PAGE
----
• FIG. 33 depicts an exemplary technique by which the minimum query interval engine 218 may estimate the minimum query interval for an exemplary PTZ camera. The exemplary technique may begin with block 3301 and may continue to block 3302. In block 3302, the PTZ calibration module 104 may issue no commands during a wait interval. In block 3303, the PTZ calibration module 104 may send a first query command to the PTZ camera 101 via the PTZ controller 103 once the wait interval is over. In block 3304, the PTZ calibration module 104 will avoid issuing any further commands during the wait interval. In block 3305, PTZ calibration module 104 may send a second query command to the PTZ camera 101 via the PTZ controller 103 once the wait interval is over. In decision block 3306, the PTZ calibration module 104 may determine if a valid response is received from the PTZ camera 101 in response to the second query command. A valid response from the PTZ camera 101 may contain the PTZ camera's position information. If a valid response is not detected in block 3306, the wait interval may be increased in block 3307. In block 3302, the PTZ calibration module 104 may avoid issuing any further commands during an updated wait interval before continuing onto block 3303.
  • Once a valid response is detected in block 3306, a PTZ camera's 101 minimum query interval may be determined in block 3308. The minimum query interval may be determined in block 3308 by identifying the minimum amount of time required between sending consecutive query commands and receiving a valid response from the second inquiry. In block 3309, the process ends.
  • Output Camera Parameter(s)
  • Referring back to FIG. 3, once one or more of a PTZ camera's parameters have been identified in block 302, one or more of the parameter's may be output to the PTZ controller 103. The PTZ controller 103 may then use the information from the PTZ calibration module 104 to translate information input from the video-analysis module 102 into executable commands for the PTZ camera 101.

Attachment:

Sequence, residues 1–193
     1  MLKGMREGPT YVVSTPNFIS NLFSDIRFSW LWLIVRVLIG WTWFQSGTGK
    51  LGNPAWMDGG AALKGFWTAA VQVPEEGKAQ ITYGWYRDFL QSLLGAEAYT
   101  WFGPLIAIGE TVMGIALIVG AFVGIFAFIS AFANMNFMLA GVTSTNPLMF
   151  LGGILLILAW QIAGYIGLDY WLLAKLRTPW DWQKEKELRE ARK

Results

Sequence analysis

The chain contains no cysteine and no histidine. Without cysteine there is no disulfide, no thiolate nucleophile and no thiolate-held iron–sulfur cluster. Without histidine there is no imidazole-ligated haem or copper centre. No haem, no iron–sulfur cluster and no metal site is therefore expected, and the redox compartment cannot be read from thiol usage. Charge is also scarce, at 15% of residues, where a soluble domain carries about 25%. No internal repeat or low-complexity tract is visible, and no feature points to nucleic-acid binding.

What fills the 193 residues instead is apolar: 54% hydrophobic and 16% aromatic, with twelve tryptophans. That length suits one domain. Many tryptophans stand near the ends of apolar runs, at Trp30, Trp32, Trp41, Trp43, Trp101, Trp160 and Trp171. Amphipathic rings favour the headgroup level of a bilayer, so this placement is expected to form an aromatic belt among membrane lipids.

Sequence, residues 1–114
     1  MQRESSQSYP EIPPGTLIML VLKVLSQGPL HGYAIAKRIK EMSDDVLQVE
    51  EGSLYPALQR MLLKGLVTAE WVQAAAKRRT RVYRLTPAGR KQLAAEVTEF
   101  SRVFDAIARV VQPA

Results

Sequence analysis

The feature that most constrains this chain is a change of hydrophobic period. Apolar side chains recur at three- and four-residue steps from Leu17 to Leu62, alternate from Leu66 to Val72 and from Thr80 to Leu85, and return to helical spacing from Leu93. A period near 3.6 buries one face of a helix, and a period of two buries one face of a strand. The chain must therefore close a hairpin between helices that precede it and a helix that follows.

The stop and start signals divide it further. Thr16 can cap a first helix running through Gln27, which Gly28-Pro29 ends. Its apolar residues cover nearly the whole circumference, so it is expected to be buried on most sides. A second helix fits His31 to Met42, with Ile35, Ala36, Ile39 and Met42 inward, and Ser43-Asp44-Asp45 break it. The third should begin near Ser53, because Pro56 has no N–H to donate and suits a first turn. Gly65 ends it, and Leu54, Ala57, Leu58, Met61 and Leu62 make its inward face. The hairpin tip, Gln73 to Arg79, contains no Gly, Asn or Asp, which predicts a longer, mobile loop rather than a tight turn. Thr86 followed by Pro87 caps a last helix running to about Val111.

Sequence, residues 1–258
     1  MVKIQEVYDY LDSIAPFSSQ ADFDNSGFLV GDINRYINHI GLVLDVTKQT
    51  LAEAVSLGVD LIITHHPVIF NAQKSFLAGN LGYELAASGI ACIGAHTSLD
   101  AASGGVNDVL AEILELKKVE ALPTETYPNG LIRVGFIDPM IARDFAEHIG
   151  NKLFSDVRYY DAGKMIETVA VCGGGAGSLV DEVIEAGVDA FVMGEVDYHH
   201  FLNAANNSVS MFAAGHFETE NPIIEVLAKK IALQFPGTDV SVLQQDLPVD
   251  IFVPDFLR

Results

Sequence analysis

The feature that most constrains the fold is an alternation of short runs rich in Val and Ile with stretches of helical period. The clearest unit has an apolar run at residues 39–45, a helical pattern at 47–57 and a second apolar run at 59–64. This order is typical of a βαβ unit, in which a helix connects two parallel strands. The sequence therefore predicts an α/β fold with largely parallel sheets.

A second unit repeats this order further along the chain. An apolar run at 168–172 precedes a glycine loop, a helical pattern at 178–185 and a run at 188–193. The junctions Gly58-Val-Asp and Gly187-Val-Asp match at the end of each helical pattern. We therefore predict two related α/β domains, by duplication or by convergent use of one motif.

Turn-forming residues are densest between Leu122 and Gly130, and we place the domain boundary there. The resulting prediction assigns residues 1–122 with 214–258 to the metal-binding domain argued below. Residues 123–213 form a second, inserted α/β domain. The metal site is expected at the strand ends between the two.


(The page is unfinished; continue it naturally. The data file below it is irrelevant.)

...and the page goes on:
• Exemplary Embodiments
  • Exemplary embodiments of engines 210-219 of FIG. 2 may be implemented in software code embodied on a computer readable medium that is executed by a computer or a computer system. The present invention may be embodied in many different ways as a software component. For example, it may be a stand-alone software package, or it may be a software package incorporated as a “tool” in a larger software product, such as, for example, an image processing and analysis product. It may be downloadable from a network, for example, a website, as a stand-alone product or as an add-in analysis package for installation in an existing software application. It may also be available as a client-server software application, or as a web-enabled software application.
  • Exemplary embodiments of the systems of the present invention may be implemented in software and a computer or computer system. Exemplary embodiments of the techniques of the present invention may be performed by the execution of software on a computer. FIG. 34 depicts an exemplary computer system for use with embodiments of the present invention. The computer system 3400 may include a computer 3402 for implementing the invention. The computer 3402 may include a computer-readable medium 3404 embodying software for implementing the invention and/or software to operate the computer 3402 in accordance with the invention. As an option, the computer system 3400 may include a connection to a network 3406. With this option, the computer 3402 may be able to send and receive information (e.g., software, data, and documents) from other computer systems via the network 3406.